The Directorate General of Civil Aviation warned on Friday that swarms of locusts could pose serious danger to flights during take off and landing. The Centre restarted a limited number of flights from May 25, after suspending domestic and international aviation for over two months to limit the spread of the coronavirus.
“Generally locust are found at lower levels and therefore pose a threat to aircraft in the critical landing and take off phase of the flight,” the aviation regulator told airlines in its circular. “Almost all air intake ports of the aircraft will be prone to ingestion in large numbers, if the aircraft flies through a swarm.”
The circular said that though a single locust is small in size, the pilot’s forward vision can be impeded if large numbers of the insects land on the windshield. “This is a grave concern during landing, taxi and takeoff phase,” it said. “Use of wipers may sometimes spread the smear even more...”
The circular said air traffic controllers, when aware of the presence of locusts nearby, should immediately inform all arriving and departing flights. “[Locusts] Being a day time phenomenon, the pilot is also expected to keep a keen eye for any such observations,” the circular added.
The aviation regulator urged airlines to not fly flights during a locust invasion as far as possible. “The only favourable aspect is that locust do not fly at night, thus providing better opportunity to sight and avoid them,” the note said.
This year has seen the worst locust attack in India in decades as they are spearing into Maharashtra, Uttar Pradesh and Punjab after destroying crops in Rajasthan, Gujarat, Madhya Pradesh and Haryana. On May 27, the Ministry of Agriculture said control operations have been stepped up and drones will be deployed for aerial spraying of insecticides in the affected states. Locust containment measures and sprinkling operations have been conducted in 303 locations spread over more than 47,000 hectares.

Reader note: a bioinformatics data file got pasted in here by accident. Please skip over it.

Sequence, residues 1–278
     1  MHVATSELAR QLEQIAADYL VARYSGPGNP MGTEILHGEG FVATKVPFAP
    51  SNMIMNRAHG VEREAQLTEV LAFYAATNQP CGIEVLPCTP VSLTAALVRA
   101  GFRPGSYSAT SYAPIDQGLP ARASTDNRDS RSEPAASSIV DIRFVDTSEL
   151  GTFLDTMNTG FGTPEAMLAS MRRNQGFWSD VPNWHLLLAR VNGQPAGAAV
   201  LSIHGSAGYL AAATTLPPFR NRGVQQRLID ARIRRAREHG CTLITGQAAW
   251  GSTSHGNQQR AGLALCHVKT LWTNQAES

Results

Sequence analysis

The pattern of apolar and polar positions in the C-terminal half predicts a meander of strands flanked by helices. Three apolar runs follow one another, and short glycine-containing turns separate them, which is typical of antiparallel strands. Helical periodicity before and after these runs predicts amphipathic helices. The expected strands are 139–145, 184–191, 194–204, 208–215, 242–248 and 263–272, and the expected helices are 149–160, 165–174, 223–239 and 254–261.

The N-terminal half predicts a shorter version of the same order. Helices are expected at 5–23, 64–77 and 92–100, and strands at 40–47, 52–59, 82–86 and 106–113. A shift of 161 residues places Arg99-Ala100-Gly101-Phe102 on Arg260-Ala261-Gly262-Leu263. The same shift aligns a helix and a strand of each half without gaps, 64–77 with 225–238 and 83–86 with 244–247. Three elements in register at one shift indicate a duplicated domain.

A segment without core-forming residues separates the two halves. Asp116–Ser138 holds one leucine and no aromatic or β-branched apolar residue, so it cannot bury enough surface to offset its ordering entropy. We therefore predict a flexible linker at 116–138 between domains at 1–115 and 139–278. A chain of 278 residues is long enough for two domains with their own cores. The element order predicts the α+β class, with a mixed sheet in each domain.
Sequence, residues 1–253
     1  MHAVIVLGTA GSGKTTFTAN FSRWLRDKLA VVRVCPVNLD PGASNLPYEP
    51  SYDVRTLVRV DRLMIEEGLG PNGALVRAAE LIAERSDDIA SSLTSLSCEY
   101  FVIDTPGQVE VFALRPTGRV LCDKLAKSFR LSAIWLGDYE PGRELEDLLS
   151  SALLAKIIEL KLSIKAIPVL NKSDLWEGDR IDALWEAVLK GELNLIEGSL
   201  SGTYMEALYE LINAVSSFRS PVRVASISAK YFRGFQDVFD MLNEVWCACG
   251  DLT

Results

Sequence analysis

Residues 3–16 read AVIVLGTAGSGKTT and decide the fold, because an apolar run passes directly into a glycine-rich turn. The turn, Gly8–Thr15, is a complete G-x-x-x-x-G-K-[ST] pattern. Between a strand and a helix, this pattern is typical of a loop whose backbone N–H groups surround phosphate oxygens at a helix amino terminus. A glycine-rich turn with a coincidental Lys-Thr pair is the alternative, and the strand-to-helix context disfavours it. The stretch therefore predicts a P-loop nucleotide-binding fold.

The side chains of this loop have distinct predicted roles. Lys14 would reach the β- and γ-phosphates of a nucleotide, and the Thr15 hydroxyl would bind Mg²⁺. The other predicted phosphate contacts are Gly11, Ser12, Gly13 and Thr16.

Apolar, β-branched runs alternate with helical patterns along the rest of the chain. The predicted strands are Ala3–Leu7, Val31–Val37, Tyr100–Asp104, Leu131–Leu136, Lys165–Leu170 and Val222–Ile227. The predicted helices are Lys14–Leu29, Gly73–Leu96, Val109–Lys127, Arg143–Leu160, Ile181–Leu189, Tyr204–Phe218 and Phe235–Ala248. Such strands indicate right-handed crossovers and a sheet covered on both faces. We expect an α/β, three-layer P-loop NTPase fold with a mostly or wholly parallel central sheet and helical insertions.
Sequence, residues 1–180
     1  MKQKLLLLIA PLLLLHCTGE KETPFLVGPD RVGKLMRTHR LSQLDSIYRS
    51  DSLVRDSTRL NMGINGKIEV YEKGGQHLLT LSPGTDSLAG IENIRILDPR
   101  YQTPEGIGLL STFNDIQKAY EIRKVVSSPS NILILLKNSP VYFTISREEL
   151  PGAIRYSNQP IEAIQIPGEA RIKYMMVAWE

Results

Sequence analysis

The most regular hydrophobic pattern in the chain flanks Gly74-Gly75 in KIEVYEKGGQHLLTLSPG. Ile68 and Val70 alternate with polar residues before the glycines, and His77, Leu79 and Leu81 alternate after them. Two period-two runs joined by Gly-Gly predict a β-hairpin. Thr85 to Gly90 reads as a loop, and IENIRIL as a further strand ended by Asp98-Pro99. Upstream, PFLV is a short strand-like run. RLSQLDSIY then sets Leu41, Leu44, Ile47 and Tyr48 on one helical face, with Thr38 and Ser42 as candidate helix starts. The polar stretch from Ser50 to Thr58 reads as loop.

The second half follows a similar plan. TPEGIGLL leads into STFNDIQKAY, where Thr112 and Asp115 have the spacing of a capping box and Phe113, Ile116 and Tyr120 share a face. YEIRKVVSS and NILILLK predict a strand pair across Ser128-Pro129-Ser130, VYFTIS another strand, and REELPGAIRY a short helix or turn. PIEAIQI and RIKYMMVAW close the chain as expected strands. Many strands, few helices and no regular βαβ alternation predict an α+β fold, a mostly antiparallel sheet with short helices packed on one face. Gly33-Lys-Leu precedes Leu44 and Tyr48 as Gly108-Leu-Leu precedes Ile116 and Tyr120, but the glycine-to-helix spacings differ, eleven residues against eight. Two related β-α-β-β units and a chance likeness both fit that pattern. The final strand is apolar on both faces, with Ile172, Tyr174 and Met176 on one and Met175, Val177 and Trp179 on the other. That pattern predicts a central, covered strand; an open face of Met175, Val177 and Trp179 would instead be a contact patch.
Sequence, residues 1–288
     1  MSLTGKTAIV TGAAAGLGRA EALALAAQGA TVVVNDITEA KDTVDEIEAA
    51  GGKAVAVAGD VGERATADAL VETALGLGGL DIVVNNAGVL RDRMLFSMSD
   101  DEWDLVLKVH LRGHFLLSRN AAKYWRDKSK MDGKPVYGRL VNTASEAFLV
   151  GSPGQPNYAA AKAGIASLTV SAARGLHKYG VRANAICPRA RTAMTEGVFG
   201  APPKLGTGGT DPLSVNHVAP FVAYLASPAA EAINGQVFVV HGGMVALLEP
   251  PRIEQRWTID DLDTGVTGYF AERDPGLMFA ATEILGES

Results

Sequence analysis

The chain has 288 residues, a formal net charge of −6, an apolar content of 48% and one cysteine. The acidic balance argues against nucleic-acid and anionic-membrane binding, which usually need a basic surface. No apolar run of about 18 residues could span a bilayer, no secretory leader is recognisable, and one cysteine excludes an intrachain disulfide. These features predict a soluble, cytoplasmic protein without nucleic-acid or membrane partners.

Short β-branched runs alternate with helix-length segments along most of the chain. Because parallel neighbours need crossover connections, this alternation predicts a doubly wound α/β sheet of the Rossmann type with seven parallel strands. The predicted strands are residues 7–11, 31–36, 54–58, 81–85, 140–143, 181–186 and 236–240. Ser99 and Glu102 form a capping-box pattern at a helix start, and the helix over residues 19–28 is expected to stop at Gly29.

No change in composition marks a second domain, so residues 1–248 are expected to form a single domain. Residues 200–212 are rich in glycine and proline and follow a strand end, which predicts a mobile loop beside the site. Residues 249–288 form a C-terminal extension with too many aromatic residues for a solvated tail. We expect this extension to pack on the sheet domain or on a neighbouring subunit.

The government has also placed an order for 60 spraying machines from United Kingdom-based company Micron. Meanwhile, Uttar Pradesh and Punjab have been put on high alert for the infestation.
UN officer said India had been warned of locust attacks
Meanwhile, Keith Cressman, senior locust forecasting officer of the United Nations Food and Agriculture Organization, said on Friday that the movement of swarms of locusts was expected since late last year, and the Indian government had been warned about this, News18 reported. He said locust attacks came earlier than expected this year.
“Last year there was very good breeding in India, Iran and Pakistan,” Cressman said. “At the moment, populations are moving out of spring breeding areas, from southwest Pakistan and Iran. Normally, they invade at the end of June. But, they are here a month in advance due to drier conditions in Iran and Southwest Pakistan.”
Cressman said India had no reason to panic since the swarms will not invade all of its states. This is because locusts do not like regions that are not dry, and the monsoon is about to set in. “They are waiting for the onset of monsoon in Rajasthan,” he said. “They will be in a holding pattern until monsoon and they will move back to Rajasthan with the wind directions. Since they cannot fly against the winds, there are low chances that they will move into southern India.”